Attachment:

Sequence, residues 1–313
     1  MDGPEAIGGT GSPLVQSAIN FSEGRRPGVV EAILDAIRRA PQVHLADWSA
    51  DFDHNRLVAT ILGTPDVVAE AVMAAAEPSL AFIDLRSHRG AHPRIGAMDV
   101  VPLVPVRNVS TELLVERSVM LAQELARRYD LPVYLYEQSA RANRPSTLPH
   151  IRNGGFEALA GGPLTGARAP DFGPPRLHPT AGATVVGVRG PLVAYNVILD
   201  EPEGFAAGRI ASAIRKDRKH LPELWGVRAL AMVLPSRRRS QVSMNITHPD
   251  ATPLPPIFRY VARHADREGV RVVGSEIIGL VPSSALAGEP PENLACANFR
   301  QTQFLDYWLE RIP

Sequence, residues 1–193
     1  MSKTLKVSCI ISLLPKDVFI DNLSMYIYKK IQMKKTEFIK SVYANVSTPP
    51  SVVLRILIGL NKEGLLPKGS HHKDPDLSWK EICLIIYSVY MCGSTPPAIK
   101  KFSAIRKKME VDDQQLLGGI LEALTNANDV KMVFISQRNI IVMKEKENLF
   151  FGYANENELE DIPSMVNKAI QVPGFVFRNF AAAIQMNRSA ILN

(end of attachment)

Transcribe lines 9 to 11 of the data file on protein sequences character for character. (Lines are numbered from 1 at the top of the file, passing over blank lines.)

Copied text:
Sequence, residues 1–193
     1  MSKTLKVSCI ISLLPKDVFI DNLSMYIYKK IQMKKTEFIK SVYANVSTPP
    51  SVVLRILIGL NKEGLLPKGS HHKDPDLSWK EICLIIYSVY MCGSTPPAIK